Harare (New Ziana) – The Medicines Control Authority of Zimbabwe (MCAZ) has warned people against using animal medicines in a bid to manage the symptoms of COVID-19.
Zimbabwe is currently experiencing a harsh second wave of the disease, prompting authorities to re-impose a strict 30 day lockdown which began on Monday last week.
The resurgence is blamed on complacency and non adherence to COVID-19 preventative measures.
MCAZ acting director general Richard Rukwata said the unapproved use of medicines could lead to negative health problems.
“In view of the growing number of inquiries and reports received concerning use of Veterinary Ivermectin injection for prevention or treatment of COVID-19, MCAZ is strongly advising members of the public, veterinary medicines general dealers and healthcare practitioners against the use of veterinary formulations in humans for prevention or treatment of COVID-19, or any other health condition,” he said in a statement.
“Veterinary Ivermectin is a veterinary product approved for the treatment and control of parasites in animals only. Veterinary Ivermectin is not indicated nor is it approved by MCAZ for use in humans.”
Rukwata said the law also prohibited the use of veterinary medicines for the treatment of humans.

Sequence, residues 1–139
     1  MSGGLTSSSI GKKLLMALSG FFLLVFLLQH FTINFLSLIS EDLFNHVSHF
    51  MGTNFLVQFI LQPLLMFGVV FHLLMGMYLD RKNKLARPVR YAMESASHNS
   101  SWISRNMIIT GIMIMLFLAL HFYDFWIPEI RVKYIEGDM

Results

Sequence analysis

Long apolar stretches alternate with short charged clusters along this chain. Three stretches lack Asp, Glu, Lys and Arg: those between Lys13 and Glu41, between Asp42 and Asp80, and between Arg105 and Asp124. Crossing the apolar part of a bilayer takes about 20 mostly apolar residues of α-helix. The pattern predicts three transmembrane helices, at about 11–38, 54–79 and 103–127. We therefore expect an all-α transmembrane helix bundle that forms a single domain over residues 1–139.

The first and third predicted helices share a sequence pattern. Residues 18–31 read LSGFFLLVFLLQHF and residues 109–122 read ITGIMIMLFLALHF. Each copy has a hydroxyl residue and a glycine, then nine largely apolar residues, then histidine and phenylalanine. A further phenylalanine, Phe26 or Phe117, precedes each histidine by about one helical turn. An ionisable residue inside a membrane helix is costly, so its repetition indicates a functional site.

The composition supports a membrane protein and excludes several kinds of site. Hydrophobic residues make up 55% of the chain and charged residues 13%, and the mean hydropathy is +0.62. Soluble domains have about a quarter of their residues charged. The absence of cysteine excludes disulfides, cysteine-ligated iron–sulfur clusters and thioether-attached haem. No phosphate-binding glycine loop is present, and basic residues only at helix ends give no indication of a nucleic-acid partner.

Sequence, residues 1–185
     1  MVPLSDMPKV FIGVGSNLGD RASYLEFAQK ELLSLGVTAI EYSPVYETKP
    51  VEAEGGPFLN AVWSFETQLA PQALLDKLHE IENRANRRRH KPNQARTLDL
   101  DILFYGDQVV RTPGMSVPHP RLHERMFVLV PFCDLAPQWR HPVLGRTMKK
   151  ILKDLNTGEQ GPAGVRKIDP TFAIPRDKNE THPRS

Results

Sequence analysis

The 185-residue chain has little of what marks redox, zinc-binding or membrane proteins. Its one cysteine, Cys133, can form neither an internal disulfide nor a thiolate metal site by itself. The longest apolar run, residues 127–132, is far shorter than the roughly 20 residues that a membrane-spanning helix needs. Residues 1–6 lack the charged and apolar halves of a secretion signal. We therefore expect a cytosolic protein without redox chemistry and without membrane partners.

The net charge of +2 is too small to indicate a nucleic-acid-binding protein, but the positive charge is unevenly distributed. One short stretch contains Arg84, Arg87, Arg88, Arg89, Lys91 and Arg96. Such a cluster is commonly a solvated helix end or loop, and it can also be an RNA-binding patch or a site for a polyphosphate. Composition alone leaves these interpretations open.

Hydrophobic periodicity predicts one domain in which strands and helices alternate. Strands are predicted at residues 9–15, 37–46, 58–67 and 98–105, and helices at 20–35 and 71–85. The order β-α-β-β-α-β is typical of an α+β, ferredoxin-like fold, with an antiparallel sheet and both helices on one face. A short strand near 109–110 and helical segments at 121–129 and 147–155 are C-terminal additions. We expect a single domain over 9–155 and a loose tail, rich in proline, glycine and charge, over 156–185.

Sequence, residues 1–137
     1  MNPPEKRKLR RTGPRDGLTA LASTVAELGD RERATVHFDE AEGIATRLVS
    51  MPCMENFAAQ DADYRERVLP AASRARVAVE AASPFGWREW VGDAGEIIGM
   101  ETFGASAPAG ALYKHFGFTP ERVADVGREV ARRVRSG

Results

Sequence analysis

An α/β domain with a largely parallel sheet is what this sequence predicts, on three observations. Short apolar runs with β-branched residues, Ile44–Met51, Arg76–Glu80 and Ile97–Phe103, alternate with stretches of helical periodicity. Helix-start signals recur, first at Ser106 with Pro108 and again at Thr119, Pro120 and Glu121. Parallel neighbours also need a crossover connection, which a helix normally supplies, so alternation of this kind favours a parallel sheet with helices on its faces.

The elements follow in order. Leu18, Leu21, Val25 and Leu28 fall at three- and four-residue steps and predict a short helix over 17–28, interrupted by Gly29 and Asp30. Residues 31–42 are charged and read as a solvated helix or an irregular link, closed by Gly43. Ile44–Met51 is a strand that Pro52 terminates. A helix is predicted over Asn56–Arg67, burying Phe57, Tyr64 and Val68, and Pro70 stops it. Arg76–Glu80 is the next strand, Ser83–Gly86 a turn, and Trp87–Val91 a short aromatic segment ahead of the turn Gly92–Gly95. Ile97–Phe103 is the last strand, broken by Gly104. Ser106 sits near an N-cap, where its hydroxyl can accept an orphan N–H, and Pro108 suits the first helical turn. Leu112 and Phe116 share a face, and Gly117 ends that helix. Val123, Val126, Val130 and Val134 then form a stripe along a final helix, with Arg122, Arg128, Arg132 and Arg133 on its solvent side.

“Any researchers interested in exploring novel therapeutics for COVID-19 can only do so under clinical trial settings or in any manner after prior authorization by MCAZ,” he said.
“The authority therefore recommends patients and healthcare providers use standard treatment guidelines and protocols approved by the Ministry of Health and Child Care as guided by the World Health Organization (WHO).”
The warning by MCAZ came as COVID-19 cases in Zimbabwe surged past the 20 000 mark.
This follows the infection of 839 new patients on Saturday, the majority being local transmissions.
“As of 9 January, 2021, Zimbabwe has now recorded 20 499 cases, 12 439 recoveries and 483 deaths,” the Ministry of Health and Child Care said in its daily update.